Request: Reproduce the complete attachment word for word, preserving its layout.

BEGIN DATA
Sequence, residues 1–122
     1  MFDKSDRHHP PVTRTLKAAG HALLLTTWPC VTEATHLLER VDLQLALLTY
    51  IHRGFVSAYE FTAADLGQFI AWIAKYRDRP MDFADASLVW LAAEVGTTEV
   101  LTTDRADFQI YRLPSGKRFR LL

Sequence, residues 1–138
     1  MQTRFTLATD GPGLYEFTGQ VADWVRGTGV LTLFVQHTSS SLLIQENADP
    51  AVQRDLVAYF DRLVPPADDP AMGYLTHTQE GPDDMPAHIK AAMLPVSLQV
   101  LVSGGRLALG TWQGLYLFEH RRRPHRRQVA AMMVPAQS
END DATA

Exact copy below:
Sequence, residues 1–122
     1  MFDKSDRHHP PVTRTLKAAG HALLLTTWPC VTEATHLLER VDLQLALLTY
    51  IHRGFVSAYE FTAADLGQFI AWIAKYRDRP MDFADASLVW LAAEVGTTEV
   101  LTTDRADFQI YRLPSGKRFR LL

Sequence, residues 1–138
     1  MQTRFTLATD GPGLYEFTGQ VADWVRGTGV LTLFVQHTSS SLLIQENADP
    51  AVQRDLVAYF DRLVPPADDP AMGYLTHTQE GPDDMPAHIK AAMLPVSLQV
   101  LVSGGRLALG TWQGLYLFEH RRRPHRRQVA AMMVPAQS